Take This Waltz Review

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Score

In her second feature, Sarah Polley approaches a young couple's romantic crisis with heartbreaking lyricism and intelligence.

"Life has a gap in it. It just does. You don’t go crazy trying to fill it." So says a recovering alcoholic (played by a very watchable Sarah Silverman) in Sarah Polley’s second feature.

It strikes at the film’s heart – whether the gap is between falling head over heels and into a more enduring love (or falling out of it altogether); between settling down and having kids; or between watching your spouse develop Alzheimer’s and inch slowly towards the inevitable.

That was the subject of Away From Her, Polley’s impressive first feature, and here she approaches a much younger couple in crisis with an equally heartbreaking lyricism and intelligence.

Characters in Take This Waltz who don’t mind the gap tend to come unstuck – not least its 28-year-old protagonist, Margot (a tomboyish, elfin Michelle Williams), a freelance journalist married to loveable, kind-hearted cookery writer Lou (Seth Rogen).

When Margot meets an attractive stranger, Daniel (Luke Kirby), on her return from a business trip, she admits to a phobia of the period between check-in and take-off: "I’m afraid of connections... In airports." This metaphor, a little too on-the-nose, is one of several missteps in a film which is otherwise full of perceptive, funny observations about the nature of romantic love and the daily vicissitudes of the human heart.

Following a brief flirtation, Margot discovers Daniel is in fact a close neighbour. With temptation lurking literally yards away, cracks in Margot and Lou’s loving marriage begin to emerge. Polley’s camera frames their domestic set-up in revealing tableaux: the TV stares back at the watching couple, glazed with inertia and familiarity; in bed, the camera faces them square on, bearing down on them with mingled intimacy and claustrophobia.

Margot’s unspoken frustration tinges the couple’s infantilising baby talk; a running pet joke evolves from, "I love you so much I’m going to... mash your head in with a potato masher" to, "I love you so much I’m going to... rape you with a knife until you bleed to death".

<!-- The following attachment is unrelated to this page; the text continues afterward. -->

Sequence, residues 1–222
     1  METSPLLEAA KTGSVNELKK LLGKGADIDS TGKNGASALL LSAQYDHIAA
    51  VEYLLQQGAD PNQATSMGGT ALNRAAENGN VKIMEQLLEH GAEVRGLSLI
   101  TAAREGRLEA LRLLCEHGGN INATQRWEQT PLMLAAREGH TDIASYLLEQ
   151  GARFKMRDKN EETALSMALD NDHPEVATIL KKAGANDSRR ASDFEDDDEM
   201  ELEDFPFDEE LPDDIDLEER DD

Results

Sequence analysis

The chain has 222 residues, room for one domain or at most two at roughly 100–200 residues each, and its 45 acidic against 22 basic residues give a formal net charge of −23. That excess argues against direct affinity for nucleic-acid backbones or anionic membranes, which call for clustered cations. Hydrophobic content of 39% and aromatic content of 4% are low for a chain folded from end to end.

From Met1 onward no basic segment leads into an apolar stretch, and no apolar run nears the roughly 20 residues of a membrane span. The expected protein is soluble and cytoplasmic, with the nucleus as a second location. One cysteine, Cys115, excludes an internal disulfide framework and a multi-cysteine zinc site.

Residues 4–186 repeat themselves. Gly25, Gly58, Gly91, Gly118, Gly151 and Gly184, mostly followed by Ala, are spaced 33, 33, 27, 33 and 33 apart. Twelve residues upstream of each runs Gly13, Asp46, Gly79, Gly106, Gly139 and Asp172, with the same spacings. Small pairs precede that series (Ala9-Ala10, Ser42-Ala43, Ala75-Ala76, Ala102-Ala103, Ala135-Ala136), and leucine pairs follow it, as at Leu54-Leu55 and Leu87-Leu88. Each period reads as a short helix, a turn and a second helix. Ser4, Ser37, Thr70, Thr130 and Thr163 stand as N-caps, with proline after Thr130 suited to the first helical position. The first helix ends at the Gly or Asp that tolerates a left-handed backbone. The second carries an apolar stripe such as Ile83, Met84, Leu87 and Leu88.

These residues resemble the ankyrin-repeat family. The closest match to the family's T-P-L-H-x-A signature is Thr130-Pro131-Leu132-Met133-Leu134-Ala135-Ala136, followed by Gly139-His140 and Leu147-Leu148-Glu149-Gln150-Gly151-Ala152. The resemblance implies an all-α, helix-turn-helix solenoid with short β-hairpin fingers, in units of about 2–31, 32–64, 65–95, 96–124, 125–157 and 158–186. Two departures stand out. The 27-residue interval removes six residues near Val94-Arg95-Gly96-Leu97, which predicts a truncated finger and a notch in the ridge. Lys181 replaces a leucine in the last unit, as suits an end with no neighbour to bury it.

The unconsummated passion between Daniel and Margot, who begin a chaste affair, is likewise sublimated, which creates a heightened eroticism expressed not through action but charged words, gestures and glances.

Set in Toronto, Polley’s hometown, and infused with the over-saturated pastels of a sweltering summer in Margot’s Boho neighbourhood, the film sometimes risks looking like a feature-length ad for Hipstamatic, and its attention to detail sometimes feels a little mannered (Daniel, for starters, is a rickshaw driver-cum-aspiring artist).

That said, there are moments of real poetry, including the dreamy impressionism of sequences showing Margot caught in the giddy oblivion of a fairground ride. When Polley finally deploys the Leonard Cohen song of the film’s title, she risks being outshone by a more consummate Canadian artist, but this is a bold film, alive to its own ambiguities and supported by fine lead performances from Rogen and Williams.

As in Away From Her, Polley confronts a ‘gap’ that most conventional dramas overlook altogether, and refuses to turn her head.

Anticipation

It’s been six years since Polley’s distinctive first feature, which set the bar high.

4

Enjoyment

Though occasionally punctured by self-consciousness, this is emotionally layered, probing drama.

3

In Retrospect

Committed and resonant, Take This Waltz gets under your skin – and feels a lot like the work of an auteur in the making.

4
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